It's a line from Shakespeare, and correctly done it's "Mend your speech ..." As writers, we communicate on paper, but we still need to consider words, individually and collectively.
I used to teach high school, and often a student would object to my request that they clarify a sentence like "Mr. Jones saw several worms looking over his tomato plants." Invariably the cry would be, "But people know what I mean."
Possibly. But as a writer, your job is to make the job as easy as possible for the reader. He shouldn't have to stop reading to figure out what you just said. He shouldn't be pulled out of the story by the number of times you repeat a word or phrase. He shouldn't be lulled to sleep by sentences that all have the same cadence. And he should be given the best possible word to describe each item, the person, or situation.
Wordplay can be a delight when it's done well. Description can make you feel like it's you, not some character, who sees or feels what is happening. If you've ever had the experience of having to close a book for a while because it's just too intense, you know what I mean. If you've ever teared up while reading (or writing!) a passage, you know.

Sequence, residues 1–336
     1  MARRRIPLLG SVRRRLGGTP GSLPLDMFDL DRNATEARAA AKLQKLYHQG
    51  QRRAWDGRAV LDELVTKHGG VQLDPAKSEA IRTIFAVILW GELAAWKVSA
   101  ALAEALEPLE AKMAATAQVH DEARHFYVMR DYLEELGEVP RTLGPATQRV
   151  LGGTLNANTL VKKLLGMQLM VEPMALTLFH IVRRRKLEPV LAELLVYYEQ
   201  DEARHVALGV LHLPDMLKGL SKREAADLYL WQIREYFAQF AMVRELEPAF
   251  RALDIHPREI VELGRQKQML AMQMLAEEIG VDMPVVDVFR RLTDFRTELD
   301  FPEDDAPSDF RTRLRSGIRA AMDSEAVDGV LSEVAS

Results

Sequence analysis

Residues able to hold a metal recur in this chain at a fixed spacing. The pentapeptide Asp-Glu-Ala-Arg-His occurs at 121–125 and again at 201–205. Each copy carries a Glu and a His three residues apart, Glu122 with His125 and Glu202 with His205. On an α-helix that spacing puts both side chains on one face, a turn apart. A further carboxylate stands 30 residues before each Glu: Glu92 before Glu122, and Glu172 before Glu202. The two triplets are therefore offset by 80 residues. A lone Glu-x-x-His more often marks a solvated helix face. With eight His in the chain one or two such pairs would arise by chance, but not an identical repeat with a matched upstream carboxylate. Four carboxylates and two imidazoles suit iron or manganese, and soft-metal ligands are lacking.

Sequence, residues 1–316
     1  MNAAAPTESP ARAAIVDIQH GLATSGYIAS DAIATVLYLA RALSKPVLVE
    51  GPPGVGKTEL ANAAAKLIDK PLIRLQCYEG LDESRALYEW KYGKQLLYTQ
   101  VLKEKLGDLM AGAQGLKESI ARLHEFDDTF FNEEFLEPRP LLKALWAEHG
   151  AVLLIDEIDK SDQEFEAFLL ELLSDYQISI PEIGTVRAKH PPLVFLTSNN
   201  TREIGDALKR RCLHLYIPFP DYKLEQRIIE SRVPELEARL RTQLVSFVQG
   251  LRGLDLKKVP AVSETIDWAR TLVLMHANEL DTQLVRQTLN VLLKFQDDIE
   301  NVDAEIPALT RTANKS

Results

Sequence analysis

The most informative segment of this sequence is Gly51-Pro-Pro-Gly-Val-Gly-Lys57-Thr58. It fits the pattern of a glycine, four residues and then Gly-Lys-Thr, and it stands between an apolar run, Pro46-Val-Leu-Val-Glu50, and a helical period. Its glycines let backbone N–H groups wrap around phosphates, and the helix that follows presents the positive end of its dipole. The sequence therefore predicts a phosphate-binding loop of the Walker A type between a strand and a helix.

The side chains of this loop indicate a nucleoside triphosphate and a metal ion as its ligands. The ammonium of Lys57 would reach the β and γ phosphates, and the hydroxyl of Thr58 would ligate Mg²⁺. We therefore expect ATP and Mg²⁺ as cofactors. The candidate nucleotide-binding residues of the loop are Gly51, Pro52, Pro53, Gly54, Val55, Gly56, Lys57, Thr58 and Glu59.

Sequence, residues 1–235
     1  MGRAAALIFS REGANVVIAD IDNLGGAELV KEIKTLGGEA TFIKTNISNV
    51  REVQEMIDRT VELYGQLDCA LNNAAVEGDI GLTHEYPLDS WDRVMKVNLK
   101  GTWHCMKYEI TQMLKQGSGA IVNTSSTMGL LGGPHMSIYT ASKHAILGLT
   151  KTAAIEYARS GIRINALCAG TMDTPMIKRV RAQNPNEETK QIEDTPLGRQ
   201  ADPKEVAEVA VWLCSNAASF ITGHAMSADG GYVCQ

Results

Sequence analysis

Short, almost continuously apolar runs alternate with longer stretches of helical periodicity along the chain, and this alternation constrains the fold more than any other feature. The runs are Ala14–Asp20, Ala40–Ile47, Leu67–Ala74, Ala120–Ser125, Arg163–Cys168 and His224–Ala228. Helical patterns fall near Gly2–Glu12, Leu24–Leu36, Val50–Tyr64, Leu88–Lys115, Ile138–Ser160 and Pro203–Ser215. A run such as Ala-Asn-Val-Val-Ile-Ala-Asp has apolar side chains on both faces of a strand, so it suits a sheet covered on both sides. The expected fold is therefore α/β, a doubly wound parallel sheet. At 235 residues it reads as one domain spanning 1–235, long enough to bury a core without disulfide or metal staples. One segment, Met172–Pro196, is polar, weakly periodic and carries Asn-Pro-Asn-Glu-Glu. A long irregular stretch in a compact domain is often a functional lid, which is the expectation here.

Although some of it comes from the reader's experience, a lot of the emotion of a book is wrought by good writing. Dean Koontz' Odd Thomas stories are told so beautifully that I don't mind that I don't believe in spooks, demons, and otherworldly visitations. Philippa Gregory's characters are so realistically drawn that I forget that I disagree one hundred per cent with her portrayals of Anne, Mary, and Elizabeth Tudor.
"The best words in the best order" (that's Coleridge on poetry, but it applies) bring results that engage the reader, but it takes work (and a thesaurus). Searching for the right word, the right phrase, takes time, thought, research, and oftentimes, many attempts. You search and search for just the right adjective or adverb, the exact noun or verb.
And oddly enough, you may find in the next edit that the best thing to do is to leave that part out altogether.